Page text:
Monday, May 9, 2016

What Are Church Modes?

Church modes were used by composers starting in the 16th century.


Sixteenth-century church music consists of seven different modes based on the C major scale. Each mode has different characteristics and had a specific purpose in 16th-century religious music. Each mode starts on a different degree and creates a different sound. Early composers felt that each mode could evoke specific emotions within the listener. For instance, the sixth mode had characteristics that were thought to induce sloth.

Ionian and Dorian


Ionian and Dorian modes use the first two degrees in the major scale to create their modes. Although there was no major scale in early church music, the equivalent and identical mode went by the name Ionian. This mode consists of the notes C, D, E, F, G, A, and B. The Dorian mode started on the second degree of the Ionian (major) mode and consists of D, E, F, G, A, B, and C.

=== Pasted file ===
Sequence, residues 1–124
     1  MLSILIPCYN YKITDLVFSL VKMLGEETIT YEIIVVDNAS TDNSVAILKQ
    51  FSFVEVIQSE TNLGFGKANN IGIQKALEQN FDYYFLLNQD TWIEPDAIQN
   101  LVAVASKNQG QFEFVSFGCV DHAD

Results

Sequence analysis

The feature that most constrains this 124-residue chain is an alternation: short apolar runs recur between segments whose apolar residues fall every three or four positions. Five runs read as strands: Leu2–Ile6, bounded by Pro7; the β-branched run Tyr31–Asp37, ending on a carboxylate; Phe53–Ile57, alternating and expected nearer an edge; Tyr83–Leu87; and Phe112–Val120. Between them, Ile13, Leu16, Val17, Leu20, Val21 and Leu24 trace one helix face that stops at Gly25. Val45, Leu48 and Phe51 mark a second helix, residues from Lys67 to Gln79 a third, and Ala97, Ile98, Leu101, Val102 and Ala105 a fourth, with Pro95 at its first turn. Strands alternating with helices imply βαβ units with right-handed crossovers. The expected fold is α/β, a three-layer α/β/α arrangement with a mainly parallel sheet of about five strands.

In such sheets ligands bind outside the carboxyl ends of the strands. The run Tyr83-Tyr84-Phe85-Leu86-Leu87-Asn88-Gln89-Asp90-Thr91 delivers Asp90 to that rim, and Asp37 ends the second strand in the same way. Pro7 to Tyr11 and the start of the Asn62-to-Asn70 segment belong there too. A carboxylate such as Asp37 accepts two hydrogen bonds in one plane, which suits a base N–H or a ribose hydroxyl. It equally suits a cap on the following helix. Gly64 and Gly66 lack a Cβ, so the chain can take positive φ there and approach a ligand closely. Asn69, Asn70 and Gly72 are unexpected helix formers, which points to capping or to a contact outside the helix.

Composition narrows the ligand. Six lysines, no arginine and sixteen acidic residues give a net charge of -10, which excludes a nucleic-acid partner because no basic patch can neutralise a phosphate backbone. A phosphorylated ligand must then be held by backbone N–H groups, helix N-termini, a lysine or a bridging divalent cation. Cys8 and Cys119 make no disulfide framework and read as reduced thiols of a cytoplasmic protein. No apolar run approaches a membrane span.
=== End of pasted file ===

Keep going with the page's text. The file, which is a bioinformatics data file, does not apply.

Phrygian and Lydian


Phrygian and Lydian modes start on the third and fourth scale degree. The Phrygian mode consists of the notes E, F, G, A, B, C and D, and the Lydian mode consists of the notes F, G, A, B, C, D and E. Sometimes the B has been changed to a Bb to avoid the tritone that may occur between the B and F. A tritone is a dissonant sounding interval to their ears, and musicians went to great lengths to avoid the it. It bore the nickname “Diabolus in musica” or “The Devil in music.”

Mixolydian and Aeolian


Mixolydian and Aeolian modes consist of the last two practical modes in church music. The Mixolydian mode began on the fifth scale degree and consisted of the notes G, A, B, C, D, E and F. The Aeolian mode starts on the sixth degree and uses the notes A, B, C, D, E, F and G. The Aeolian mode is the same as the modern natural minor scale.

Locrian


The Locrian mode never found a place in practical church music. Locrian as a theoretical mode existed only as a conceptual idea. It begins on the seventh degree and consists of the notes B, C, D, E, F, G and A. Since there is a tritone between the root and the fifth of the mode, it did not make it into common practice. Although there are tritones in other modes, they do not occur between the first mode degree and the fifth. Since the fifth degree is essential for proper cadences and cannot be changed, composers omitted this mode.